A novelist enters the Family Division

12 September 2014 by

71BL6-VNgqL._SL1500_In his prolific career, writer Ian McEwan has brought us into the minds of physicists, neurosurgeons, conductors,  cultural and cold war spies and even stalkers. His most recent triumph is to have stepped deftly into the life of a High Court judge in the Family Division.

The Children Act is a short novel of great subtlety and tenderness. In his acknowledgements he says he has drawn on a “superbly written judgment” by Sir James Munby evaluating a child’s best interests in a dispute over ultra-orthodox education of the child of estranged Jewish parents (see Karwan Eskerie’s post on this case). One can see how McEwan was inspired by the judge’s nuanced approach, in which he sought to balance the significance of social and familial links as against an individual’s wellbeing; after all, a novelist’s job is to explore the nature of unhappiness. How irresistible then is an institutional figure whose very job it is to determine happiness and its opposite?

So here we have McEwan’s narrator, 59 year old Fiona Maye, childless and on the edge of marital breakdown, tasked with the business of assessing how  each unhappy family is unhappy in its own way. As Kate Kellaway says in her review,

One cannot help thinking that [the author] could have been an ace family lawyer, with his forensic intelligence and command of moral nuance. He echoes legal language plausibly too, and his deft in his journalistic ability … to weave debate into the narrative (passing references to Syria and the Leveson inquiry situate us in time).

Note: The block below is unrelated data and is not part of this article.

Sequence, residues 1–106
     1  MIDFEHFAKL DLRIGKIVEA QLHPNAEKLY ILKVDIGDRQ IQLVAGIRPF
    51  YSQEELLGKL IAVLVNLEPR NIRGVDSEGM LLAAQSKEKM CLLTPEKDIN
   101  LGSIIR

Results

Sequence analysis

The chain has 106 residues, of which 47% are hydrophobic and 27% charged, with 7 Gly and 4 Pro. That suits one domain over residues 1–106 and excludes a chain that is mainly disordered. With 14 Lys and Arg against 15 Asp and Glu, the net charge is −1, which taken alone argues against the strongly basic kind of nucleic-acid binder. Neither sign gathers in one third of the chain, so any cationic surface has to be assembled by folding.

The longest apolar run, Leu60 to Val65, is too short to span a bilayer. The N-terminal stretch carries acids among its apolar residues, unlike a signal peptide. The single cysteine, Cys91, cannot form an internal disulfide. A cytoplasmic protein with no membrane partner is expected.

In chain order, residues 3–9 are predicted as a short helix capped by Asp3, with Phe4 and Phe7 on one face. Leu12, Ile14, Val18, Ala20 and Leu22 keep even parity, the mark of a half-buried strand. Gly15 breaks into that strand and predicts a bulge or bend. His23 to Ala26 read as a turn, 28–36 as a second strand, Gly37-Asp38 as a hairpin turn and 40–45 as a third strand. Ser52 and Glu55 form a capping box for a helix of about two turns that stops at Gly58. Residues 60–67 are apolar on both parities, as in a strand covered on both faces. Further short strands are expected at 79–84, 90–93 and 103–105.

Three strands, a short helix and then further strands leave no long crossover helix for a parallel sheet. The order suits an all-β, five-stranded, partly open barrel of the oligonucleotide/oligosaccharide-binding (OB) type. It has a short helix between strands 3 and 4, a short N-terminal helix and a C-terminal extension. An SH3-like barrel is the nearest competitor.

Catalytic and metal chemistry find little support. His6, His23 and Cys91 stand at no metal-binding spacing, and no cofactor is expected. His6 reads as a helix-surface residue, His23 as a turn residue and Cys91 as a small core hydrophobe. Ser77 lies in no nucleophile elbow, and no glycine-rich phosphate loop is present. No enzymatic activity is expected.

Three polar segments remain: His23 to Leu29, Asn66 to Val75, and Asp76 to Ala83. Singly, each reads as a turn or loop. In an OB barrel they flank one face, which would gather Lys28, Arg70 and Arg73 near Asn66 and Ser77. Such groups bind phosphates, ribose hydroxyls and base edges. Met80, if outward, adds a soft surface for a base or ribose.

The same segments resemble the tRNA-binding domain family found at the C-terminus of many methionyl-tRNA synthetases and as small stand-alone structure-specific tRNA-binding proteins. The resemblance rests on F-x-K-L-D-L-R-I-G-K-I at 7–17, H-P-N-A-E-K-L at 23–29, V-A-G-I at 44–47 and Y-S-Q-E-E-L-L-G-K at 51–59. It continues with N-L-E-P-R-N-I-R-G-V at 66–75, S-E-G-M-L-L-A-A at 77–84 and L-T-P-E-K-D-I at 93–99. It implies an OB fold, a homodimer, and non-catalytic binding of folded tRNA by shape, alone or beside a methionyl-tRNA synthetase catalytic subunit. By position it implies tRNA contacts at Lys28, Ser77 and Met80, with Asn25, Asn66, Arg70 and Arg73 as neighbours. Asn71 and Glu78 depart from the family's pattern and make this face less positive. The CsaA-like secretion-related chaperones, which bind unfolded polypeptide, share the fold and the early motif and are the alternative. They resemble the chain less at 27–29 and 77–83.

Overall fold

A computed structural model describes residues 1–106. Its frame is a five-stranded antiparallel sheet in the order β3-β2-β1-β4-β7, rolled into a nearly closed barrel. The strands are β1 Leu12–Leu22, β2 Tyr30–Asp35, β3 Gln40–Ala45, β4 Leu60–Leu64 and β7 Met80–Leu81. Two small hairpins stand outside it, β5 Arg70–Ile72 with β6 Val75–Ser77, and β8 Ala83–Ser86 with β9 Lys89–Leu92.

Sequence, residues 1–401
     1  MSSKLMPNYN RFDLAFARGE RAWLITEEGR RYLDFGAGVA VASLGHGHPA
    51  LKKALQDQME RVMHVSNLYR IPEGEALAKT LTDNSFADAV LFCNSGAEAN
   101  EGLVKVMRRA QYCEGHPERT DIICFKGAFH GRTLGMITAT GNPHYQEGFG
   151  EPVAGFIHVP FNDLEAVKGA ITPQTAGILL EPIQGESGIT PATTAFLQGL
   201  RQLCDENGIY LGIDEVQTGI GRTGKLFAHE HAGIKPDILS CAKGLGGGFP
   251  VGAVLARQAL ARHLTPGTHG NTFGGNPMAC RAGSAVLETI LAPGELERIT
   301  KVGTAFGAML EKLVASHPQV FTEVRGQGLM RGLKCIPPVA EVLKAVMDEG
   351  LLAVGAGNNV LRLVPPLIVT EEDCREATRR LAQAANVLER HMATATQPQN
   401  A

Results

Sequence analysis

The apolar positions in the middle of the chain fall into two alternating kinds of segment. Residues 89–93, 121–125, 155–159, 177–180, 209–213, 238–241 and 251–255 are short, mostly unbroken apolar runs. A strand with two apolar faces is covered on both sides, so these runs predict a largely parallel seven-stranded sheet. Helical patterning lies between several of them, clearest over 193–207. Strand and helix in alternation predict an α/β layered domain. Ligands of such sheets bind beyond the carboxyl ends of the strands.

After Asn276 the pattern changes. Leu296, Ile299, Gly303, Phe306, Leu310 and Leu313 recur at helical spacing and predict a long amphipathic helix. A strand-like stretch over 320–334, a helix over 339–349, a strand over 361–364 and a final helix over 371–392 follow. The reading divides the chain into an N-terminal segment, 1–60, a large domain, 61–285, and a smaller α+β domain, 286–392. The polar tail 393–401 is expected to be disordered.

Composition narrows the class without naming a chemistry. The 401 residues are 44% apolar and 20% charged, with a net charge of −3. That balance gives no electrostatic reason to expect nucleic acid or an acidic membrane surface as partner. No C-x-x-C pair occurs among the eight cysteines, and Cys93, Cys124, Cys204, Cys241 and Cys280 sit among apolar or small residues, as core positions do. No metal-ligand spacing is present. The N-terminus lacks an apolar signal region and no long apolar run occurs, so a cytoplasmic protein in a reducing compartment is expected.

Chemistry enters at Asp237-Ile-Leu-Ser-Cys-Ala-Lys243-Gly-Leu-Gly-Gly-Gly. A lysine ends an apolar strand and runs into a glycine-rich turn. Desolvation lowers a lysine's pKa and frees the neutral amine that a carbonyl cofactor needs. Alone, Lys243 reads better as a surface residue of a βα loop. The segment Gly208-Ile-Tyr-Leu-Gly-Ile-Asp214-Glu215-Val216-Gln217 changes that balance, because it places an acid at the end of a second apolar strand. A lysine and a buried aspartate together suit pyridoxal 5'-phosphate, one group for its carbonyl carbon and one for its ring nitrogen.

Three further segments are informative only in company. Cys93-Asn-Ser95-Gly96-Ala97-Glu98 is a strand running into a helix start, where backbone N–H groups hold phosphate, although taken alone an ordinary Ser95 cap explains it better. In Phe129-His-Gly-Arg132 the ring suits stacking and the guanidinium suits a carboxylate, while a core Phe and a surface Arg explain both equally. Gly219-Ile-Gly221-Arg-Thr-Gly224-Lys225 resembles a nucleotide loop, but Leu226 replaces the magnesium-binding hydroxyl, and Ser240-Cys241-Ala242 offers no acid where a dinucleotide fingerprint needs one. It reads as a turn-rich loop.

There are no spoilers in this review but I hope I can impart and celebrate McEwan’s admirable grasp of quite what a difficult exercise it is for an adult stranger to determine what is in the “best interests” of a child where the way of life in dispute is not generally accepted by society as normal or modern, and the child in question is a highly intelligent individual months off his majority. The outrage that we all may feel at strange minority groups rejecting freedom on their children’s behalf may well have to be tempered when the child in question is clearly “Gillick competent”. Deluded though they may be, the protection offered by the community they find themselves in may count for more in the end than the autonomy offered by the secular modern world outside. Of course if the end is inevitable death for the patient, that seems a hollow statement indeed. But McEwan’s novel deals with precisely this conundrum, and one is left wondering, at its conclusion, whether kindness, which it is the task of the family court to assess, determine and then enforce, is something to be grabbed off the shelf. The principles that inform our current approach to a child’s best interests may render the ultimate adjudicator of that decision just as prone to guilt and regret as the ideologies that bring these cases into the Family Court in the first place.

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